A few notes on loading the antenna at Low Frequency (LF)

by Lloyd Butler VK5BR

Perhaps you would like to join the small band of LF experimenters and apply for a special experimental licence. There is no problem in building a CW transmitter for LF transmission. It can be built much as one would build a transmitter for 1.8 or 3.5 NMz, except that you will need somewhat larger inductors.,

The biggest problem is achieving some sort of radiation efficiency in the antenna. A quarter wave Marconi antenna at 200KHz would have to be nearly 375 metres long, hardly the thing which would fit in the average back yard. Let's assume we hang up a long length of wire and achieve an effective height of 30 metres. This is 0.02 wavelength which would give us a calculated radiation resistance of 0.6 ohm. To resonate the antenna we need a series loading inductance with a reactance in the order of thousands of ohms. If the inductive reactance is 1000 ohms (800 microhenries) and the Q equal to 100, the loss resistance in the coil is equal to 10 ohms. It is not unreasonable to assume an earth loss resistance also of 10 ohms making a total loss resistance of 20 ohms. (Refer sketch). Antenna efficiency is therefore 100 x 0.6 / (0.6 + 20) percent or 2.9%. For 100 watts of power, we only radiate 3 watts.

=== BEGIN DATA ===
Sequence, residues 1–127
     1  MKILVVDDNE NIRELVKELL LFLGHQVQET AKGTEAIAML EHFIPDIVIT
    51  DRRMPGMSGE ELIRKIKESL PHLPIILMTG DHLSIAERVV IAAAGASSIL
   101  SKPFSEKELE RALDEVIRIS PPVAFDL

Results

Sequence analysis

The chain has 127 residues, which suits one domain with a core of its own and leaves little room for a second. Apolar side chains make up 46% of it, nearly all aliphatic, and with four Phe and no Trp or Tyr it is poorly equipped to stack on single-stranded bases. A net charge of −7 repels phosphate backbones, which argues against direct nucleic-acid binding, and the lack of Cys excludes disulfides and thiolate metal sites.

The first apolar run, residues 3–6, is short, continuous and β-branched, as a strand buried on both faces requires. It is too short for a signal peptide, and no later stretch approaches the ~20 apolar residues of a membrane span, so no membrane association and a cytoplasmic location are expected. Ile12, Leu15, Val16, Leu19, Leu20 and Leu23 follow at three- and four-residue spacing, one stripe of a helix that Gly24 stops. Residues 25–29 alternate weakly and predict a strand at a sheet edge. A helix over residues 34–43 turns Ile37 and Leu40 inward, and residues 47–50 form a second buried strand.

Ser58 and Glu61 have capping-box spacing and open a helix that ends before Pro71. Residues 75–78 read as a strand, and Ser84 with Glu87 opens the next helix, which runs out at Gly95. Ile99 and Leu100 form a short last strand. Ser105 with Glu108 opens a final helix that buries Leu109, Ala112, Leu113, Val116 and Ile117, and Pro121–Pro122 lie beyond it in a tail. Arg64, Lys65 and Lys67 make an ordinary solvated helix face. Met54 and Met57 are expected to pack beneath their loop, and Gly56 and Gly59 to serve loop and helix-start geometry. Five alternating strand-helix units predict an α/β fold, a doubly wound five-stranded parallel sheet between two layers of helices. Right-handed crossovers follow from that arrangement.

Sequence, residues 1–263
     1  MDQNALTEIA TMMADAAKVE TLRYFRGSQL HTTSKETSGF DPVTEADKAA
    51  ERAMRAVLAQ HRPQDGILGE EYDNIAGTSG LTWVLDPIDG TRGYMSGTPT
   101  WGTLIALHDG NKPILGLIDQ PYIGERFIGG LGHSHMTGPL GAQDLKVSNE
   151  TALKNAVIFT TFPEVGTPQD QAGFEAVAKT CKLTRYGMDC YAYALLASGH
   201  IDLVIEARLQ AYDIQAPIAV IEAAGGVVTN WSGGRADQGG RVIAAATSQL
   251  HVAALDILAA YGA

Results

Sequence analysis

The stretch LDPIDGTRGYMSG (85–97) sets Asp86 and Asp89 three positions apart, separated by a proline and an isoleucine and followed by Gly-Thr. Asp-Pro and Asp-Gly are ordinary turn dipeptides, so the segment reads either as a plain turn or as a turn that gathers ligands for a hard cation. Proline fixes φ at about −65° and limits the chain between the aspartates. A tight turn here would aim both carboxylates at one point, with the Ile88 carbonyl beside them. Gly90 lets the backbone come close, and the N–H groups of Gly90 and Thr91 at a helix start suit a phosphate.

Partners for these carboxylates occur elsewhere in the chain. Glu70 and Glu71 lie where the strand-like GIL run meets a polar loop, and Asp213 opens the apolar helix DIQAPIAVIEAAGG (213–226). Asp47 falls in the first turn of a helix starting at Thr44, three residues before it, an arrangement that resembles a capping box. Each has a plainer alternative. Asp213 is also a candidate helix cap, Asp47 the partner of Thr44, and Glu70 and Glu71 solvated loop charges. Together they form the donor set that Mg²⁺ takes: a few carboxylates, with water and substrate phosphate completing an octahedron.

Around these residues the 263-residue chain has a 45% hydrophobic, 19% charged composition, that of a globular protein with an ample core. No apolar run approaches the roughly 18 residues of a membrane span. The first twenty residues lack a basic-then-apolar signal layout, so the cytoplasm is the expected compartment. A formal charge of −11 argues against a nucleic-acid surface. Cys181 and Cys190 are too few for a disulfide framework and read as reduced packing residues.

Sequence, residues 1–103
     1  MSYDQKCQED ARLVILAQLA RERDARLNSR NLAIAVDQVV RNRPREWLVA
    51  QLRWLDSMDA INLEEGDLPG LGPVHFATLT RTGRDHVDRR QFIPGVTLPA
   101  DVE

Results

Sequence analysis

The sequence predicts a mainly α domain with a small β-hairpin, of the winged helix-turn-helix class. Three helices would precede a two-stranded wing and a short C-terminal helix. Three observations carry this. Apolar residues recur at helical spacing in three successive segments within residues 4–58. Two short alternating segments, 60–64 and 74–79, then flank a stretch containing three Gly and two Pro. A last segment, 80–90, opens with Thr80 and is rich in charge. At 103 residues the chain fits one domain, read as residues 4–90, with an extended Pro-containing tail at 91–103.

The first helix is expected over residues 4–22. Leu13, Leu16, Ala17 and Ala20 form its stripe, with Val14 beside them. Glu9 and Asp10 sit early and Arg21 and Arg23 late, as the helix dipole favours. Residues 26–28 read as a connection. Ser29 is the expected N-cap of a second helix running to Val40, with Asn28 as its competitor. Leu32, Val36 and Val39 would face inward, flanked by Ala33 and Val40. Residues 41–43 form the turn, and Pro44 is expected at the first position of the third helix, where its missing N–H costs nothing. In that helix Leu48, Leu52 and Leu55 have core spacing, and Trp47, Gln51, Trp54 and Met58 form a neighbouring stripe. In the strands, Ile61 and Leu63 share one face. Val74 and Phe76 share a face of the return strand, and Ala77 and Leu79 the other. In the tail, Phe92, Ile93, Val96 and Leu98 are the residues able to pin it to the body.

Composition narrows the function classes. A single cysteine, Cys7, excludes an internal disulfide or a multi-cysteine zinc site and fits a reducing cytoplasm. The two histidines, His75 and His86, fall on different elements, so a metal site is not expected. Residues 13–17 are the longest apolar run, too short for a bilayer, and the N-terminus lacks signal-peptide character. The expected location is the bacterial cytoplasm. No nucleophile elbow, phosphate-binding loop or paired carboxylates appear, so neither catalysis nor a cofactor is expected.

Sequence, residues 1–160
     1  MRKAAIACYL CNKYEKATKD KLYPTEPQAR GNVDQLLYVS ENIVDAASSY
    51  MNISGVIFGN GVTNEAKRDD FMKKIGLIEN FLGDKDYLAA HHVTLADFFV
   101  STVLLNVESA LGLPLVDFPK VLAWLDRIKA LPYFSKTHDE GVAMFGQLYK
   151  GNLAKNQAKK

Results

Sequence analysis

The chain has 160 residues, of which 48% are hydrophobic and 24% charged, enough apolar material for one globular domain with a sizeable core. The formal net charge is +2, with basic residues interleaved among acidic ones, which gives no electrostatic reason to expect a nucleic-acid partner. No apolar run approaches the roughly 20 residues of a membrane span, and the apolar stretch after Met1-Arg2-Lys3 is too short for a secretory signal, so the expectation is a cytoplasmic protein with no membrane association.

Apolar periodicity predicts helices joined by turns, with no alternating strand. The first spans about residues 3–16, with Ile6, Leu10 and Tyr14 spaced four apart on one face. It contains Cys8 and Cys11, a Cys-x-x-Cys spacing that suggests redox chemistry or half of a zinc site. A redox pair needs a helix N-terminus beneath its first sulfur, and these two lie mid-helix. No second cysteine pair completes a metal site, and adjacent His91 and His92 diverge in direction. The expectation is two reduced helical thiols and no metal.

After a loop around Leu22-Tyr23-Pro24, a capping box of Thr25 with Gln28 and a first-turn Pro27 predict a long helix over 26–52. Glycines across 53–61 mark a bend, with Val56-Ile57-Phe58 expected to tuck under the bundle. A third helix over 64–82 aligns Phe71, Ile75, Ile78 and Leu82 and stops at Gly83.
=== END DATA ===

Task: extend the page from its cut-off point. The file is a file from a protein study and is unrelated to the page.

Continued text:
We could reduce the loss resistance and increase the efficiency a little by improving the earth counterpoise system and raising the Q of the inductor. A high Q inductor of 800 microhenries or higher can be quite a massive unit. The John Adcock loading coil shown in July 1984 issue of Amateur Radio is 0.5 metre in diameter. Of course the way to really raise the efficiency is to increase the radiation resistance by increasing the length and height of the antenna, if that is possible.

Another thing to watch in these highly inductive loaded systems is the high voltage developed across the inductan ce. An antenna circuit of 20 ohms total resistance, loaded with say 2000 ohms of reactance, has a loaded Q equal to 100. A power of only 100 watts fed into this develops a potential of nearly 4500 volts. If you put your hand too near the coil, some nice RF arcs can be drawn.

Back to HomePage